Several PI schools, TSCM schools, and spy shops sell equipment (at highly inflated prices) and actively attempt to mislead students that all they have to do is spend a few hundred to a few thousand dollars on equipment to enter the TSCM field. Markup on these bogus products are typically greater than 400%, and what the spy school buys or builds for $100 they sell to their gullible customers for thousands or even tens of thousands of dollars.

For every legitimate TSCM firm there are 500 con artists (cloak and dagger types) who buy "CIA Bug Detectors" for $ 50 and resell them to their corporate clients for $ 8,500 (it's usually just a primitive broadband diode detector system). They remove the original markings and apply a stick-on labels with their name. Often they will even reprint the operators manual with their own logo and name. Some will even go so far as to have the client sign bogus security clearance or confidentiality documents to make the transaction appear even spookier. These spy-shops are trying to modify reality and the laws of physics to help them pad their bank accounts. Beware, Beware, Beware...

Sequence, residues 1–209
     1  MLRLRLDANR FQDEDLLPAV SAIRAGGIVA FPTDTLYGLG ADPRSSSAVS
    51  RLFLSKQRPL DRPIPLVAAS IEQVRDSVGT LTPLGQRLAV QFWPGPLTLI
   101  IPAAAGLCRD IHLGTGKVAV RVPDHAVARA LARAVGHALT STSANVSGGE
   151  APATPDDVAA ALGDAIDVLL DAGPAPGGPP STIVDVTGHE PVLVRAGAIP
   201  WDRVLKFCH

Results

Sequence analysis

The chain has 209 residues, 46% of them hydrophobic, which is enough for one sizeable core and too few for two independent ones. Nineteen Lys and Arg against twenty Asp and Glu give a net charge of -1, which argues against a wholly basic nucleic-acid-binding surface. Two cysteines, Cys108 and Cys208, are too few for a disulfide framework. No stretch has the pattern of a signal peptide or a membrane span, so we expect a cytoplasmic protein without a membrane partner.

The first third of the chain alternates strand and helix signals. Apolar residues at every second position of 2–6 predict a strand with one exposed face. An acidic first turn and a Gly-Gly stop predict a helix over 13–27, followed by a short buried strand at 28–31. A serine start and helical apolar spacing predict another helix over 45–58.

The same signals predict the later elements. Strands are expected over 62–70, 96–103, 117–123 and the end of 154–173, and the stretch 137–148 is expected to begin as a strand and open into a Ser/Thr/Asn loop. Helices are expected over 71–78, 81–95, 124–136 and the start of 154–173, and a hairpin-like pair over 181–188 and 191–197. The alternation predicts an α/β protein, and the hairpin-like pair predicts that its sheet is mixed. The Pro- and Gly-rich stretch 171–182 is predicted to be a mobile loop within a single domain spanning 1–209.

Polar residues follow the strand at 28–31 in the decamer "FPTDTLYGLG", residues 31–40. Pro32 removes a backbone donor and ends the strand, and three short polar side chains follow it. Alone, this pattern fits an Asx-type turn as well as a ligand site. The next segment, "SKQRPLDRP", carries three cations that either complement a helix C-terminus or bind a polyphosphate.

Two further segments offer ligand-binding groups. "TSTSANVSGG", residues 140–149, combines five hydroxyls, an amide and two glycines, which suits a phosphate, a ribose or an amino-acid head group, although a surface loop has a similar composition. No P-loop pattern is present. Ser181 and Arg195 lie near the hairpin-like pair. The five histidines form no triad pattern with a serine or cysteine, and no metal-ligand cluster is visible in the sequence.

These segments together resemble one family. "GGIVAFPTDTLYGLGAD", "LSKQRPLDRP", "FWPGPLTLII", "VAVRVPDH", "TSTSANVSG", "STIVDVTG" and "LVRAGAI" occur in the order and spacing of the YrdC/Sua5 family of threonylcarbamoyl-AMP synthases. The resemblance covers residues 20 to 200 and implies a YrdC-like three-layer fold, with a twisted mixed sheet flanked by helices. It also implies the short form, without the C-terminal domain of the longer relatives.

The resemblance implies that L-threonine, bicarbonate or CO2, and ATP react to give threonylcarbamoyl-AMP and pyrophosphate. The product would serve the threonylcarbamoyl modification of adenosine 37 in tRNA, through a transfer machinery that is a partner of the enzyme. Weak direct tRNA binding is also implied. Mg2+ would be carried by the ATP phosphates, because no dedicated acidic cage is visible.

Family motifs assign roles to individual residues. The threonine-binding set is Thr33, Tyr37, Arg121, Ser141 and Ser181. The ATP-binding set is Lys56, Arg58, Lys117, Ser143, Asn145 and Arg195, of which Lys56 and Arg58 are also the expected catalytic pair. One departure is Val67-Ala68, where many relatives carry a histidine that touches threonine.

The frequency coverage of these special spy-shop bug detectors generally "top-out" at 1 GHz, with adapters and mixers the range they can sometimes be increased to 2-3 GHz. They are very limited value in finding bugs and tend to create a dangerous false sense of security.


Therefore, I say:
Know your enemy and know yourself;
in a hundred battles, you will never be defeated.

When you are ignorant of the enemy but know yourself,
your chances of winning or losing are equal.

If ignorant both of your enemy and of yourself,
you are sure to be defeated in every battle.

-- Sun Tzu, The Art of War, c. 500bc